The concert which Karajan and the Berlin Philharmonic gave in London’s Royal Festival Hall on the evening of Saturday 27 April 1985 was their first in England for four years. In May 1981 they had played Bruckner’s Fifth Symphony in the Royal Festival Hall and given an unforgettable concert of music by Bach, Mozart and Richard Strauss in Oxford’s Sheldonian Theatre. London had not been included in the orchestra’s itinerary in its centenary year in 1982 and for much of 1983-84 Karajan and the orchestra had barely been on speaking terms. Since the centenary year had been something of a high water mark in this hitherto sensationally successful 27-year partnership, the breakdown in relations came as something of a shock to the musical world. There were times in 1984 when it looked as if the two parties would go their separate ways; finally, a reconciliation was effected in the late summer of that year ahead of a scheduled tour of Japan and South Korea. The Krach was ostensibly over the appointment of a new clarinettist but there were other factors too, not least Karajan’s advancing years and stirrings among a contingent of mainly younger players keen to assert their independence and exploit the financial strength which the orchestra’s sky-high reputation now conferred on them. Throughout his life, Karajan had been noted for his extraordinary mental and physical prowess. Now in his mid-70s, he was troubled by a painful and ultimately irreversible spinal condition that had nearly cost him his life in the winter of 1975-76. He had soldiered on but even his energies were finite. In April 1985, he had invited Klaus Tennstedt to share the conducting burden at the Salzburg Easter Festival. ‘It was good to have Karajan and the Berlin Philharmonic, happily reunited after a prolonged disagreement, pay their first visit to the Festival Hall – an event said to have caused prices of black market tickets to reach astronomical heights,’ wrote Peter Stadlen in the Daily Telegraph. The audience was clearly shocked to see how frail Karajan had become as he edged towards the rostrum. (He himself likened his experience of walking unaided in his later years to stepping on sheet ice.) The Times reported a slight stumble in the advance, at which point ‘the applause hiccupped in a breathless unison’. Yet once settled on the podium, Karajan was, as ever, fully in control, master of all he surveyed. Extract from the booklet note © Richard Osborne, 2008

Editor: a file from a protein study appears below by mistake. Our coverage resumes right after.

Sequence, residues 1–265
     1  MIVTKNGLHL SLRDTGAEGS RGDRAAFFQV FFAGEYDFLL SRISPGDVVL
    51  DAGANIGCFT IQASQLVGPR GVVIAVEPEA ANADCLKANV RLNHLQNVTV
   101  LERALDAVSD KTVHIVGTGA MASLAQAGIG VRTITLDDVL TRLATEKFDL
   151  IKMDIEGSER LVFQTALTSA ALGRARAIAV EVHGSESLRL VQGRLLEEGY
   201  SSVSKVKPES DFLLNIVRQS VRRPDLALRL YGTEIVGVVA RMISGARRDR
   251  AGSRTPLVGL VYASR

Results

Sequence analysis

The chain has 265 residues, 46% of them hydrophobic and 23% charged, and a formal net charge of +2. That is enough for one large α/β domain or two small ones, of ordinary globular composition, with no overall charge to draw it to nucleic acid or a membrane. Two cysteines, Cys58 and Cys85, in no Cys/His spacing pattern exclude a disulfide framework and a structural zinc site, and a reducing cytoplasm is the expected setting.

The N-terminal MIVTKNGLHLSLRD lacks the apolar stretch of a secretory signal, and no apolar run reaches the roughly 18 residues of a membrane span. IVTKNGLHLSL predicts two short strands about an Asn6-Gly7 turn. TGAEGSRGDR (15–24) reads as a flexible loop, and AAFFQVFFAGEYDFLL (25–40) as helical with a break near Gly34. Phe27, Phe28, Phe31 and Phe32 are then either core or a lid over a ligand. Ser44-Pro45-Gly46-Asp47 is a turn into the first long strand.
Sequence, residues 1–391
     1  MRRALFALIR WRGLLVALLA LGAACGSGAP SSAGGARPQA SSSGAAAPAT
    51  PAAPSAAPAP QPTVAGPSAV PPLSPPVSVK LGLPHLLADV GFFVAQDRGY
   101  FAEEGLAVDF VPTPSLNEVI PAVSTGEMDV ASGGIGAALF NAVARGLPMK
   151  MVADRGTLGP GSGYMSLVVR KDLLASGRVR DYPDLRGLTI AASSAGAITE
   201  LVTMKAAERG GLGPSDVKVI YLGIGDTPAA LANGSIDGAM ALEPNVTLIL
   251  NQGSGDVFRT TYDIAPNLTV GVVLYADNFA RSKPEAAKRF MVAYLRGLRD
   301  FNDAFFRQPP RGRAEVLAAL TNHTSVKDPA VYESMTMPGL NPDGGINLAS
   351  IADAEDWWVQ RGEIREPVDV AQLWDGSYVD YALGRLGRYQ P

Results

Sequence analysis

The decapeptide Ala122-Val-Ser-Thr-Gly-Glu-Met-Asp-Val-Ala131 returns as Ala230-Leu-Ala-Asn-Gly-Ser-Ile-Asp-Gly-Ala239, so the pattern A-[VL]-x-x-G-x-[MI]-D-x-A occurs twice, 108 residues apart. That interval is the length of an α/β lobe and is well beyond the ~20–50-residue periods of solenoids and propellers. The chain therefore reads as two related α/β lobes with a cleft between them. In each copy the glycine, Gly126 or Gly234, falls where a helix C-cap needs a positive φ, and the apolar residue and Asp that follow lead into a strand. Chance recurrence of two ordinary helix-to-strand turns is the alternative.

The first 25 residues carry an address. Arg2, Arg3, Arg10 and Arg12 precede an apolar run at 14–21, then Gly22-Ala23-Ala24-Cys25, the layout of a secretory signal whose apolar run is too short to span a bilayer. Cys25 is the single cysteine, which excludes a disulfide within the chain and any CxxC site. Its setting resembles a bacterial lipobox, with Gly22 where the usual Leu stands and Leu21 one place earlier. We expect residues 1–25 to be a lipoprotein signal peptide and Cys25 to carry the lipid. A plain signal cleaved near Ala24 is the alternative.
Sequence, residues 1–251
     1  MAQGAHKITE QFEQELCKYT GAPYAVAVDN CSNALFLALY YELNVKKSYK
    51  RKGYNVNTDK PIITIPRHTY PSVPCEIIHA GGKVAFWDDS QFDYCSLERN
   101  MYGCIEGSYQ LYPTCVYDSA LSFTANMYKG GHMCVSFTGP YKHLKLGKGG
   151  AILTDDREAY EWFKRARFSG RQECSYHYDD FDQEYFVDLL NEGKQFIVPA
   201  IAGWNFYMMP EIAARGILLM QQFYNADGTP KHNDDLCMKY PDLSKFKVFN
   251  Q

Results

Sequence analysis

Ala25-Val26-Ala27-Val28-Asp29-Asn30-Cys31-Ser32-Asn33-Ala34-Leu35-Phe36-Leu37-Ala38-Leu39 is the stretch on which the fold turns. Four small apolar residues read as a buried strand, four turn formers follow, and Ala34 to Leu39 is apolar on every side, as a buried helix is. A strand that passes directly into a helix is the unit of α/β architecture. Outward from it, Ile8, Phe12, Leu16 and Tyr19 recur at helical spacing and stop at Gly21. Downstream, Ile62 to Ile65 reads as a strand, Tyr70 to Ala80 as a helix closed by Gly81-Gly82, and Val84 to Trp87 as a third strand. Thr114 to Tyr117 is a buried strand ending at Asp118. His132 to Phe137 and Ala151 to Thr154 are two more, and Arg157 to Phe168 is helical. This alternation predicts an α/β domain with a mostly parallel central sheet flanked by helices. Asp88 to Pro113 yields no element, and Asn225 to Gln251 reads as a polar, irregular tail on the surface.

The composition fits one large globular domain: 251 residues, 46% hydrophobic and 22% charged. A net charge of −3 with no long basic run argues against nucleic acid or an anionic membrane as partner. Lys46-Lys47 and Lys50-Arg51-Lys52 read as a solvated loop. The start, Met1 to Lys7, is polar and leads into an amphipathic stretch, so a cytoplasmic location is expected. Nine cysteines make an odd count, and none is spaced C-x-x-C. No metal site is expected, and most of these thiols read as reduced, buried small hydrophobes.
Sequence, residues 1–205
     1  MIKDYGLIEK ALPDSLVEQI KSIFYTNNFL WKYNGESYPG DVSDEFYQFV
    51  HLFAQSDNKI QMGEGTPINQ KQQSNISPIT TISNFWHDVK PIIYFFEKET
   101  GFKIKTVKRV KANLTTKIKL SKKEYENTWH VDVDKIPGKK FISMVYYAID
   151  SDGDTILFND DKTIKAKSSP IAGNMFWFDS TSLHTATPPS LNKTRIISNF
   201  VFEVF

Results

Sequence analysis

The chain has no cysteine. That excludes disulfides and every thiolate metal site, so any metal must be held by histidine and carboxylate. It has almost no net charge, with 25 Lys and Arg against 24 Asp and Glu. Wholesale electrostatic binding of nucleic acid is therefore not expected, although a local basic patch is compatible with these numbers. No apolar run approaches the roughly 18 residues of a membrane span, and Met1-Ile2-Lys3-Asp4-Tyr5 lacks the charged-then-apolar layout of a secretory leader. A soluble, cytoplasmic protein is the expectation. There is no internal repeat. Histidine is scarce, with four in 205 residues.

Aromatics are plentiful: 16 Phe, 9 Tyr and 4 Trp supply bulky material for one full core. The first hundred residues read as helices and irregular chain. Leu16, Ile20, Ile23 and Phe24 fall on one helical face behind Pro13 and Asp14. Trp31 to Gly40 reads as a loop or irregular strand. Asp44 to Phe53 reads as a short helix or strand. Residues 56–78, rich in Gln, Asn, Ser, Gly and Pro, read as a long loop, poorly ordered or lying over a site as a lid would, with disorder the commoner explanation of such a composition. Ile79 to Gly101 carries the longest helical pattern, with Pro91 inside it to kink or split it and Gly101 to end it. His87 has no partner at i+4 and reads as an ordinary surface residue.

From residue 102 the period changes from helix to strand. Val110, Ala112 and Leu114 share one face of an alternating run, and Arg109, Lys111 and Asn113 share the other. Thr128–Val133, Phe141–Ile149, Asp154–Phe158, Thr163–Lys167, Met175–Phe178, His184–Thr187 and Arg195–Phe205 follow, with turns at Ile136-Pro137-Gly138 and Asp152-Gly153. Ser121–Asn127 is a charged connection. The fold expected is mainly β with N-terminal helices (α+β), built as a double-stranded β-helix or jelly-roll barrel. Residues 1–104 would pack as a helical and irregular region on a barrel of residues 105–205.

“For anyone lucky enough to have secured a ticket few orchestral concerts have remained so vividly in the memory as the one given by Karajan's incomparable Berlin Philharmonic in London's Royal Festival Hall on April 27, 1985.
The surprises began with the conductor's own physical frailty. Edging unsteadily towards the rostrum and propping himself up against the railing, he adopted the peculiar posture that enabled him to remain upright and in command notwithstanding a debilitating spinal condition.
In truth the Beethoven was and is a gift to his many detractors. With the maestro unwilling or unable to lift his arms, the band turns in its patented imitation of a gramophone record. Surfaces are immaculate but it's like being trapped in a pudding without air in the texture. Phrases, even whole sections glide by with no intake of breath and the first two movements in particular may induce feelings of claustrophobia in younger listeners. They should persevere.
No superlatives can convey the inevitability, conviction and sweep of Karajan's Heldenleben which makes even this notoriously shrill-sounding venue resound in glory. The original BBC sound team of producer Misha Donat and balance engineer John McCulloch capture a paradoxical sonority, rich yet transparent, 'lambent in its beauty, never cloying or opaque' as described by Richard Osborne in his characteristically generous booklet-notes. The battle scene may be slow but was it ever more incisively chronicled? The Strauss at least is indispensable.”
Gramophone Classical Music Guide, 2010

“Karajan's Beethoven Fourth was recorded when the Berlin Philharmonic came to London in 1985. Its excellent speaks for itself and the coupling is equally memorable.” Penguin Guide, 2011 edition

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Up to 40% off Testament

Testament - SBT1430

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Beethoven - Piano Concertos Nos. 1 & 3

Beethoven - Piano Concertos Nos. 1 & 3


Beethoven:

Piano Concerto No. 1 in C Major, Op. 15

Piano Concerto No. 3 in C minor, Op. 37


'For me Beethoven is like a god. I worship him, and I admire his music. It always produces very deep emotions in me when I'm conducting it or playing it on the piano.' (Mikhail Pletnev)

“…there were times when I genuinely wondered if even five stars wasn't insulting to playing of such glorious playful penetration. …the next minute Pletnev does something that makes you howl with disbelief.” BBC Music Magazine, May 2007 ***

Penguin Guide

Rosette Winner

Presto CD

DG - 4776415

(Presto CD)

$16.25